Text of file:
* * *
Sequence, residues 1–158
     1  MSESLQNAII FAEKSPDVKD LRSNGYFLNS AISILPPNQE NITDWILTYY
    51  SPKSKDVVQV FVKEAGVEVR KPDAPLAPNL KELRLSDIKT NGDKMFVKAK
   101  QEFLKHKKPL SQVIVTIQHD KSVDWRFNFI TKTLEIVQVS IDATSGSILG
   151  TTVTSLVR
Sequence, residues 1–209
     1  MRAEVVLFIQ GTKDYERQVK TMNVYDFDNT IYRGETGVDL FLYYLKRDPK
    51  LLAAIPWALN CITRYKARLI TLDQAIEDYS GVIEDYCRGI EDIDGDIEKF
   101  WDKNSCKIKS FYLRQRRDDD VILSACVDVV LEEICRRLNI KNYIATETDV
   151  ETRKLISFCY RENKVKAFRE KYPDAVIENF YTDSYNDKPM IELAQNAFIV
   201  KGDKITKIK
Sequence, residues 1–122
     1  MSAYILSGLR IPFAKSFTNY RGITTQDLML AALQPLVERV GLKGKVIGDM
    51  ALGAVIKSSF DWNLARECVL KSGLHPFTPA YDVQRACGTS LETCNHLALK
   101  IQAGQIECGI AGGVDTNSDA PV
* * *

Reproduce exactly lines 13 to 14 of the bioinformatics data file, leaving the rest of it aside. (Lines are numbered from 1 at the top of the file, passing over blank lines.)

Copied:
     1  MSAYILSGLR IPFAKSFTNY RGITTQDLML AALQPLVERV GLKGKVIGDM
    51  ALGAVIKSSF DWNLARECVL KSGLHPFTPA YDVQRACGTS LETCNHLALK